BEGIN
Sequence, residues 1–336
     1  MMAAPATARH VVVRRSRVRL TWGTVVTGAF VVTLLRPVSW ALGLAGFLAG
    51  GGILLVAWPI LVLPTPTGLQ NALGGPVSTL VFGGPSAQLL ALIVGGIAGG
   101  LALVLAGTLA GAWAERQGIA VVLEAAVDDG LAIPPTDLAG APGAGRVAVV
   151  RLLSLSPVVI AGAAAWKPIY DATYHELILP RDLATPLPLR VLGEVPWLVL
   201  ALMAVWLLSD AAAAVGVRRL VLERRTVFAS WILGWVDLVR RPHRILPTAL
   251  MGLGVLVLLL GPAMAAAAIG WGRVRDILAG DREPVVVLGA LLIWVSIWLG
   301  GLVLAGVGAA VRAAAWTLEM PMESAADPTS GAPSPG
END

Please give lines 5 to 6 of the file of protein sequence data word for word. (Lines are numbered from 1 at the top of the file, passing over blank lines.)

   151  RLLSLSPVVI AGAAAWKPIY DATYHELILP RDLATPLPLR VLGEVPWLVL
   201  ALMAVWLLSD AAAAVGVRRL VLERRTVFAS WILGWVDLVR RPHRILPTAL